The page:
Most people seek a four-year (or more) degree in the hopes that it will help them get a great job. However, these days that little piece of paper isn’t enough to get a corner office. First-time job hunters have to do a little legwork in order to get hired in a job that caters to both their career and salary needs. Knowing the golden rules to job searching can help give recent graduates a leg up on their competition.
1. Take Action
With the technology overload, it can be easy for grads to get complacent, simply sifting through job listings online. However, networking is still one of the most advantageous ways for people to get a foot in the door. College students and graduates have a wealth of resources at their disposal: a career center, alumni and professors, for starters. Beyond that, talking to friends and family members about your job search can open doors. Ask for referrals.
One way technology can be used to your advantage is to create social media profiles that are intended for professional use. There are several sites geared toward job-seekers, allowing you to connect with people who are working in the fields you would like to explore or at companies where you’d like to work. Technical schools that offer coursework in the facilities industries like HVAC, PLC, and Boiler Maintenance are also worth looking into since they require less time.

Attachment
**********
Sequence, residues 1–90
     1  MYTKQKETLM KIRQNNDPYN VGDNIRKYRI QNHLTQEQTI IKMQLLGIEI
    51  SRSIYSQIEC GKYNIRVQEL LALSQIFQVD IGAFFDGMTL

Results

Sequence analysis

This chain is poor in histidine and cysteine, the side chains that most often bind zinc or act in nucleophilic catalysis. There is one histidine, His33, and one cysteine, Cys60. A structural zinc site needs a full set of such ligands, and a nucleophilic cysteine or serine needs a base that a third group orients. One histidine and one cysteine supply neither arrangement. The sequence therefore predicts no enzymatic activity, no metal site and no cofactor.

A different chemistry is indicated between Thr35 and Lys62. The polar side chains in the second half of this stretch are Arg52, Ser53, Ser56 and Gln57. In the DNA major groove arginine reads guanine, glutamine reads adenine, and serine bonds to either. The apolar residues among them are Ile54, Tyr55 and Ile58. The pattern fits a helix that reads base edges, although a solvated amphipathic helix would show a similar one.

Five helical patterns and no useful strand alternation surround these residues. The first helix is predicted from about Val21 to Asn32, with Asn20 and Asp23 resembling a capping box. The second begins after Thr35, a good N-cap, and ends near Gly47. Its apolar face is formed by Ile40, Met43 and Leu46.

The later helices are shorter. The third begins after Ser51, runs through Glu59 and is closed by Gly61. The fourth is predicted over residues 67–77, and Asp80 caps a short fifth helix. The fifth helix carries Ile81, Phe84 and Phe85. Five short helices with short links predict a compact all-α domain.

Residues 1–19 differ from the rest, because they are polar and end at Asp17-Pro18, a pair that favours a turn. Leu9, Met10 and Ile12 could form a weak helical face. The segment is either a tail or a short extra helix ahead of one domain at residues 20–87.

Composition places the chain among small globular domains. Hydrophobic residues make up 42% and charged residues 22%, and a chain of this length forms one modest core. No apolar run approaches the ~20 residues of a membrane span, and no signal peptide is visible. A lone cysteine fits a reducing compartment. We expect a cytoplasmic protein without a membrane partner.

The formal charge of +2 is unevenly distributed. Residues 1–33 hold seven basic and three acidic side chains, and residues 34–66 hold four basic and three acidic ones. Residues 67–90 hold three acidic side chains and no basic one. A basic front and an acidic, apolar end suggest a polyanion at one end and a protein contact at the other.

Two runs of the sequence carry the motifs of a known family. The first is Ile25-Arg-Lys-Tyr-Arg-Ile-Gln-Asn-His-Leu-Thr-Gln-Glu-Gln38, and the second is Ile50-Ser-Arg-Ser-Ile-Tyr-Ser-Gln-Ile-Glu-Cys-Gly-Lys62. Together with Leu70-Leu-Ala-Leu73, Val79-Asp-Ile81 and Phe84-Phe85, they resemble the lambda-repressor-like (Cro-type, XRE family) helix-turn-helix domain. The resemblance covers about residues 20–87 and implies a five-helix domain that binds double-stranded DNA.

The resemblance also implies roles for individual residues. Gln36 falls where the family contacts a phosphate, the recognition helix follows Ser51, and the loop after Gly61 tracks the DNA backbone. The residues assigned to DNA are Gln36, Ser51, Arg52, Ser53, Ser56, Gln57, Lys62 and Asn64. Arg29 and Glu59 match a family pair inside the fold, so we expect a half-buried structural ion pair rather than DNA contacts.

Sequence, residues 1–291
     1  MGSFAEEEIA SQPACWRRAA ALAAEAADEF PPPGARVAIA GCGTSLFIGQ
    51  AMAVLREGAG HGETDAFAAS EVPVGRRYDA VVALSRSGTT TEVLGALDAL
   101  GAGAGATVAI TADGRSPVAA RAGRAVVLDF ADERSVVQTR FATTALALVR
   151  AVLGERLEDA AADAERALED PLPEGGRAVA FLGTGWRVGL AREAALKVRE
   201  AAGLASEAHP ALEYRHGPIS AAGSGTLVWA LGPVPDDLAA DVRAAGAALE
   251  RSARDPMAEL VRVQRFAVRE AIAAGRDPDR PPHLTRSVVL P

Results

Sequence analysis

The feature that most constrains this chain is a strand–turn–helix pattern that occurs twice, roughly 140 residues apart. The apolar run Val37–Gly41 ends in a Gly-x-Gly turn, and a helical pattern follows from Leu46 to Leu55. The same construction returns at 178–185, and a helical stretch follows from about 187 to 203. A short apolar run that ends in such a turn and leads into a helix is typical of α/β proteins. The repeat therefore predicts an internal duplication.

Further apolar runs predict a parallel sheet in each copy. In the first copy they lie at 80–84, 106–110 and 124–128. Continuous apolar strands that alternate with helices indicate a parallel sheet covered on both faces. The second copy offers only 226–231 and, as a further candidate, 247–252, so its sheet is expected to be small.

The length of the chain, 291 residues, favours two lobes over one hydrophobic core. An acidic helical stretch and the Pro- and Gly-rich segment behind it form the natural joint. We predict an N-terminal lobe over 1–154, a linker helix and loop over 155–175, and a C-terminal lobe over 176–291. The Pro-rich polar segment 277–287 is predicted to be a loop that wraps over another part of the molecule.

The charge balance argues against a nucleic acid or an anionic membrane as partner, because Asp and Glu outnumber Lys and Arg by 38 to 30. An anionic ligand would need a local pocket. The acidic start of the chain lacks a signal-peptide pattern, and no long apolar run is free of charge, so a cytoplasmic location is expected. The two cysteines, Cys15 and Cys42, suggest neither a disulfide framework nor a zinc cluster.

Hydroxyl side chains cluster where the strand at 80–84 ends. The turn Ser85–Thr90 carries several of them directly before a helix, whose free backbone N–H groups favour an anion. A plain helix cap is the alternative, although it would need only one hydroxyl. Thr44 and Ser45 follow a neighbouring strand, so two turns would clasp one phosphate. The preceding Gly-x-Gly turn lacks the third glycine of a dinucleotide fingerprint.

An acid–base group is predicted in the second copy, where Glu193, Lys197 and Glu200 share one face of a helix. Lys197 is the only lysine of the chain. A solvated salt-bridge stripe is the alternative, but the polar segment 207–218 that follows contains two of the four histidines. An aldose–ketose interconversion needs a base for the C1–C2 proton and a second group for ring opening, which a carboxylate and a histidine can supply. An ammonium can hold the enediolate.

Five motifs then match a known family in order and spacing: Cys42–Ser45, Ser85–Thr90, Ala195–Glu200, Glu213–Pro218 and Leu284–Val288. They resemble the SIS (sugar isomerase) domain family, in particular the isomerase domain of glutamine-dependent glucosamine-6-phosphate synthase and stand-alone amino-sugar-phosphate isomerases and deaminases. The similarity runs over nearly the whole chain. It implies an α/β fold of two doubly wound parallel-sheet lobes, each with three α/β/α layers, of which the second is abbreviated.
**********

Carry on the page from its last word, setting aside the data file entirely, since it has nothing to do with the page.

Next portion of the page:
2. Let Go of Perfection
Recent grads should have reasonable expectations when it comes to what kind of job they will find right out of school. Finding a job that has everything on your “want” list is pretty hard to do, even if you have an amazing resume with decades of experience. Instead, cast a wide net and figure out what points you are willing to negotiate and those that are unmoving. For example, you might have a certain salary range you must make in order to pay the bills, but you are OK with having a longer commute. If you can find a job that meets your absolutes, you have found a good position.
3. Know What You Want
According to PLC Training Firm American Trainco, getting tailored training can set you up for a rewarding career without the standard 4-year commitment. College students have four years to prepare themselves for the outside world, but many still feel uncertain about what path their career should take. To overcome the hurdle, there are two things a recent grad can do:
- Get a job somewhere that feels like it may be a good fit and see how it goes. You do not want to become paralyzed with indecision and not have a source of income in the meantime.
- Work on self-assessment, meaning try to gauge your interests: what type of news do you enjoy reading, which of your friends’ careers seem exciting, do research and read career-help books and blogs.
4. Be Flexible
The good thing about taking a job is that you are not married to it. If you decide it isn’t a good fit, you can start exploring other options like a trade school. You might have a boss who can help you find another role in the same company, or you may even consider switching careers. A career is a long journey, and you literally have the rest of your life to figure out what you want to do.
Courtesy of American Trainco